Phenotypic Characteristics of Mutations in the Gene

Flies expressing scarlet display various phenotypes not seen in wild type flies. These phenotypic characteristics include bright vermillion compound eyes that darken with age, colorless ocelli, reduced uptake of kynurenine, and reduced phenoxazinone synthase activity (Gramates et al. 2017). Numerous mutations in scarlet have been observed and grouped into classes based on the phenotypic characteristics they give rise to. The classes are lethal & recessive, viable, viable with, sterile, viable, eye color defective, eye color defective & heat sensitive, visible & heat sensitive, visible & recessive, visible & recessive & heat sensitive, pigment cell, and pigment cell & heat sensitive (Gramates et al. 2017).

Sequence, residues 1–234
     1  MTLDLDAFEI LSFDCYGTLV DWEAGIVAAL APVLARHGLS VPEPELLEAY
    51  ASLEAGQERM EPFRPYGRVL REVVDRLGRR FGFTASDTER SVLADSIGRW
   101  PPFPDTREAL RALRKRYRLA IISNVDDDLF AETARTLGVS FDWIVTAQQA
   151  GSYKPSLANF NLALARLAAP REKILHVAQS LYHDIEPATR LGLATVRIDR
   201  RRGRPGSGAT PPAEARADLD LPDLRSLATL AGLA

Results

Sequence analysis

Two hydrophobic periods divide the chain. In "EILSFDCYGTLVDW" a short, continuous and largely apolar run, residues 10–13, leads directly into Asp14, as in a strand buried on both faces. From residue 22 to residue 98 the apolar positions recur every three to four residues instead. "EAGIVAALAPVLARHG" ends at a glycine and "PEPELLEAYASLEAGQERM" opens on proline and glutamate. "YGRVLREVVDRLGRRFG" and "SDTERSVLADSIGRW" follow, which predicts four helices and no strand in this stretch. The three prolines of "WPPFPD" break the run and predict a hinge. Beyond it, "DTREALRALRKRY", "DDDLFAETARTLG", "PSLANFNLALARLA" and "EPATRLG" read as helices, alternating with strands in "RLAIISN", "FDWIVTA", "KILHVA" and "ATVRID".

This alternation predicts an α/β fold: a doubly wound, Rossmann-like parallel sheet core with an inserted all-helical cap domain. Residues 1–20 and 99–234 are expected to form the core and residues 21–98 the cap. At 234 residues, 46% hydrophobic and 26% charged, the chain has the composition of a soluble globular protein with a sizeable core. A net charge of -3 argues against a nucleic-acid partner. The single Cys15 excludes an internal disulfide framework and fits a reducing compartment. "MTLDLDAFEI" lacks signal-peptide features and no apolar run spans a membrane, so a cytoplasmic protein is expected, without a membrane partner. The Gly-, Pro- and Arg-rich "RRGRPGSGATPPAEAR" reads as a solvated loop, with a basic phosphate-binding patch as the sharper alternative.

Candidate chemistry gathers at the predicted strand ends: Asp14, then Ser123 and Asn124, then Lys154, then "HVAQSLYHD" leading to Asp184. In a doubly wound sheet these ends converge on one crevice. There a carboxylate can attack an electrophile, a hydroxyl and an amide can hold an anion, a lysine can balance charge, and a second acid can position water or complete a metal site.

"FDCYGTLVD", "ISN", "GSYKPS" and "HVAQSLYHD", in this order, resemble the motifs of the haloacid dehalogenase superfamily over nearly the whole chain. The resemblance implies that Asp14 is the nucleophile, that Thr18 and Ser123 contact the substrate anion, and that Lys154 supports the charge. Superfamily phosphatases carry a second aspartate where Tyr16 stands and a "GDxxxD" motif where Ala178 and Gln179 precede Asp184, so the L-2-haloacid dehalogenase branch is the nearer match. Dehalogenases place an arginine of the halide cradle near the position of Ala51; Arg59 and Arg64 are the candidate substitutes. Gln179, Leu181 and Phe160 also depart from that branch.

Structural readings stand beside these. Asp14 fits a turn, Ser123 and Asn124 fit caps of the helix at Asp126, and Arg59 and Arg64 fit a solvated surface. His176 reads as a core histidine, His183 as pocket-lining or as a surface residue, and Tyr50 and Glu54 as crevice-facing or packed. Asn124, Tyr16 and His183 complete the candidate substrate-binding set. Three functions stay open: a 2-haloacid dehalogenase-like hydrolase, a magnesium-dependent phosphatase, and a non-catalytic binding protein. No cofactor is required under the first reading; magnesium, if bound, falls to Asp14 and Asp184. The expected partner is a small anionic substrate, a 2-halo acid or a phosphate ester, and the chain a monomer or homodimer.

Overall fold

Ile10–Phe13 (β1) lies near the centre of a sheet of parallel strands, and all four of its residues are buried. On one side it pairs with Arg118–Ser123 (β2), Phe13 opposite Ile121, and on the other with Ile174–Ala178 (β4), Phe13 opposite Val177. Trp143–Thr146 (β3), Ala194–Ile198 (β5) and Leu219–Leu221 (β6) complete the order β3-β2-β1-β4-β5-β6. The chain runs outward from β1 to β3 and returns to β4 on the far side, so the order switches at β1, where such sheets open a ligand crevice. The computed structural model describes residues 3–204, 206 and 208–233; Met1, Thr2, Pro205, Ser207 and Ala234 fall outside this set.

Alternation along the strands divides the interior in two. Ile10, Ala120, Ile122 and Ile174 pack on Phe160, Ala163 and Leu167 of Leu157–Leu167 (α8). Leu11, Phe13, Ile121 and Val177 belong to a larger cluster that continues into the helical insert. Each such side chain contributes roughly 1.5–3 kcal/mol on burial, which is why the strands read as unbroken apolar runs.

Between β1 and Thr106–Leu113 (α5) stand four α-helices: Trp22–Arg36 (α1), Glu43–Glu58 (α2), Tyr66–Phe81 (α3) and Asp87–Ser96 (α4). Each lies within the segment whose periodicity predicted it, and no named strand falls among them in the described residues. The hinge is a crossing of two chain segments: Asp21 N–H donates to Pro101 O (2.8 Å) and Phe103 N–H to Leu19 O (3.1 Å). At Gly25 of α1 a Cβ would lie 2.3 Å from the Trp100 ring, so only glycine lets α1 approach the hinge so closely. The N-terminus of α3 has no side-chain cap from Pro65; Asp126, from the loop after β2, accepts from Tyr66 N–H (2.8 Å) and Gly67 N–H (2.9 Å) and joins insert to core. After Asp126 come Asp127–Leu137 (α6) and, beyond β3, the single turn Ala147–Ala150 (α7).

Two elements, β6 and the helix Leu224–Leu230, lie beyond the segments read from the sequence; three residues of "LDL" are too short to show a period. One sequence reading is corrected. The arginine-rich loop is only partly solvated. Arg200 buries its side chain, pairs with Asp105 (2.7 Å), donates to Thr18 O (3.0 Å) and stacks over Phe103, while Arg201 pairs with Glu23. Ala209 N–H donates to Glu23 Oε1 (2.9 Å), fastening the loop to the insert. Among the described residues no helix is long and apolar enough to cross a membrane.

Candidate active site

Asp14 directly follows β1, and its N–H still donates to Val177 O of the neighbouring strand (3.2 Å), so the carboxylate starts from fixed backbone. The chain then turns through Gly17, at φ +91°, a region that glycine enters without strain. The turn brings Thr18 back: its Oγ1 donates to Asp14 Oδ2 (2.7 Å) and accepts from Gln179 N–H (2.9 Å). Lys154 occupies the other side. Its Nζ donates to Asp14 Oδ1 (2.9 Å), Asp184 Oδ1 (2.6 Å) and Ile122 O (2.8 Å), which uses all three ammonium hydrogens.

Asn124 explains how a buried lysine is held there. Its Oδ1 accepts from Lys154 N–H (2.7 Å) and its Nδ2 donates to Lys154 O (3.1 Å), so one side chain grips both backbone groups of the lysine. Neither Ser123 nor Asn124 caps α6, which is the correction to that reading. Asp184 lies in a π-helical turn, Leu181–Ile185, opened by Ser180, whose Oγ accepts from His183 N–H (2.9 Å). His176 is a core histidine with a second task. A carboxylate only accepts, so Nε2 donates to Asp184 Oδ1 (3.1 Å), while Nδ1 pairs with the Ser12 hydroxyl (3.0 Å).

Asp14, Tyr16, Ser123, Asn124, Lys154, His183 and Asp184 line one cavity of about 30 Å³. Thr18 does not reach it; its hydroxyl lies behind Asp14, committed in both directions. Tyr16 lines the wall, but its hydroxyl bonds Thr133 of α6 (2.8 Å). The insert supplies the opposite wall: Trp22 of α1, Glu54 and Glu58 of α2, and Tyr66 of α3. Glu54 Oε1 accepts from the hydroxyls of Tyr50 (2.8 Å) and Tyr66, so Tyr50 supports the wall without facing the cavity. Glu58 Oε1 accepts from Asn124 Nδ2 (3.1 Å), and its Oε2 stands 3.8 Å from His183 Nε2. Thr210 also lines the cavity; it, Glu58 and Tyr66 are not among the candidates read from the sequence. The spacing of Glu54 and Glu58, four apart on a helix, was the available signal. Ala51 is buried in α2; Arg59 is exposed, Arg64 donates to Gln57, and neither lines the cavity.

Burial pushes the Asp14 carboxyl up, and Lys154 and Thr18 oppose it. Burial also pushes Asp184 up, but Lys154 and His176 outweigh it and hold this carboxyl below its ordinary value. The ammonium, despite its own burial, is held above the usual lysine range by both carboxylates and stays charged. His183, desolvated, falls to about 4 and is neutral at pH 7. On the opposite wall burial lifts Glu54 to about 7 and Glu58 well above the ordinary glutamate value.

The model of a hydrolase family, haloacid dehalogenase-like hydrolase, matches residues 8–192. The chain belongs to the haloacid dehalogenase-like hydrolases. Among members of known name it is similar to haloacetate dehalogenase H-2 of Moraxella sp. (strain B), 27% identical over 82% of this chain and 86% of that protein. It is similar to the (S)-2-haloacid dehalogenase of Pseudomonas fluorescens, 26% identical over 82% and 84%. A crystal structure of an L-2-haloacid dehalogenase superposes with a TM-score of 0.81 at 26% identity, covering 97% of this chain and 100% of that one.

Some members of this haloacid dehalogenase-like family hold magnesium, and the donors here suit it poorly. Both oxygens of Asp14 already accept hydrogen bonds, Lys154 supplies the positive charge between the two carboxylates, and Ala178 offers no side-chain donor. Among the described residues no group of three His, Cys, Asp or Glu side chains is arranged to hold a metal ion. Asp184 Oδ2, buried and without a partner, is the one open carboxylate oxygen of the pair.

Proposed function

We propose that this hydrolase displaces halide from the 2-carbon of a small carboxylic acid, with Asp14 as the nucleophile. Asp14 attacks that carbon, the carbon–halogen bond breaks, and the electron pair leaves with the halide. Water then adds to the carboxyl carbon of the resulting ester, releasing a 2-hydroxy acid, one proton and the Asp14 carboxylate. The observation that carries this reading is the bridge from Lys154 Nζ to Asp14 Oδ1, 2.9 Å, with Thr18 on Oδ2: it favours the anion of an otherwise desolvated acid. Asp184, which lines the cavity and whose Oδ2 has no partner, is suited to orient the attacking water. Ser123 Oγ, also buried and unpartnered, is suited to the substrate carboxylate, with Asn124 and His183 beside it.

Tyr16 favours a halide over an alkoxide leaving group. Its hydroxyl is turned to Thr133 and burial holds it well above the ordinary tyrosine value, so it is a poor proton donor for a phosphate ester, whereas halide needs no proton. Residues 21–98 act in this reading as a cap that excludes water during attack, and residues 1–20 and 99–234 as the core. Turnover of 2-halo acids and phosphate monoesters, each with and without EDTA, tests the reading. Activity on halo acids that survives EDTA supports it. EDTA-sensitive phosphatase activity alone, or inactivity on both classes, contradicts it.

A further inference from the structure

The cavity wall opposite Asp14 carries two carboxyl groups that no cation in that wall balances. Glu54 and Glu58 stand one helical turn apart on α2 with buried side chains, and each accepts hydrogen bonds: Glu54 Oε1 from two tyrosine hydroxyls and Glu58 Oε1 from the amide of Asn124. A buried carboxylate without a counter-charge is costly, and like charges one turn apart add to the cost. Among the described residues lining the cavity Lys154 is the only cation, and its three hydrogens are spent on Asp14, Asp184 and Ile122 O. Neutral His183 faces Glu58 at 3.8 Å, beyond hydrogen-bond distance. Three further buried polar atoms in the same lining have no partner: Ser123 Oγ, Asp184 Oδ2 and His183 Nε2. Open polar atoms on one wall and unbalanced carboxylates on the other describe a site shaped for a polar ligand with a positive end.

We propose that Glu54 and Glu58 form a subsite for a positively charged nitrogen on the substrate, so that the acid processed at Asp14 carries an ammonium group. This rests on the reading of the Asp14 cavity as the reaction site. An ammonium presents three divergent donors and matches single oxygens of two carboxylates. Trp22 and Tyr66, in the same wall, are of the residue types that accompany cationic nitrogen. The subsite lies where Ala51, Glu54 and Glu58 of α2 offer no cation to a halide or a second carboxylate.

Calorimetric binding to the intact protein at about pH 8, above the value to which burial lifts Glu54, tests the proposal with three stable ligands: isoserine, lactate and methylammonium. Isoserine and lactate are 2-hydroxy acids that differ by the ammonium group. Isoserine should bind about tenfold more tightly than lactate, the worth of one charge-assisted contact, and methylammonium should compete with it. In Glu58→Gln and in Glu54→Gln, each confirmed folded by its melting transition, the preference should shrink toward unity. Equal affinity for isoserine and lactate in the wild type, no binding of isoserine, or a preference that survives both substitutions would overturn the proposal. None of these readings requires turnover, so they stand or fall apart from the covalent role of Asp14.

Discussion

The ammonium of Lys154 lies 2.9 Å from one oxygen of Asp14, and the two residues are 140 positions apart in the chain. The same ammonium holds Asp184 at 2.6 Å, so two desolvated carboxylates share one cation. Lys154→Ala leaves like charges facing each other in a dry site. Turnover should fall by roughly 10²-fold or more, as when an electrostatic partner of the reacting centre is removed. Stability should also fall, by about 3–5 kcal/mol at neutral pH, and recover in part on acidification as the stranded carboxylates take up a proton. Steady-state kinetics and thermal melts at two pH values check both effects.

As the names of the classes suggest, some mutations give rise to more than one phenotype. For example, the mutant allele st7 is grouped under the “lethal & recessive” because it has been observed that the lethality associated with this allele is seen only in homozygous flies (Lindsley and Zimm 1992). Another class of mutant alleles is “eye color defective & heat sensitive”. Flies homozygous for alleles in this class are observed to have varying eye color depending on the temperature. For example, flies homozygous for the mutant allele, st12, have been observed to exhibit the bright vermillion eyes of scarlet flies at 29oC but display the bright orange eyes of wild-type flies at 18oC (Howells 1979). In some cases, incomplete dominance can be observed between different scarlet mutants. st14 is a mutant allele that gives rise to a red compound eye color in homozygous flies distinguishable from the bright vermillion eyes of scarlet (Belote et al. 1990). Another mutant allele, st1, is a recessive allele that gives rise to a phenotype characterized by a pale yellow Malpighian tubule (Beadle 1937). Incomplete dominance is observed in flies heterozygous for these alleles. As opposed to vermillion or bright red compound eyes, trans-heterozygous st1/st14 flies display light yellow eyes (Tearle et al. 1989).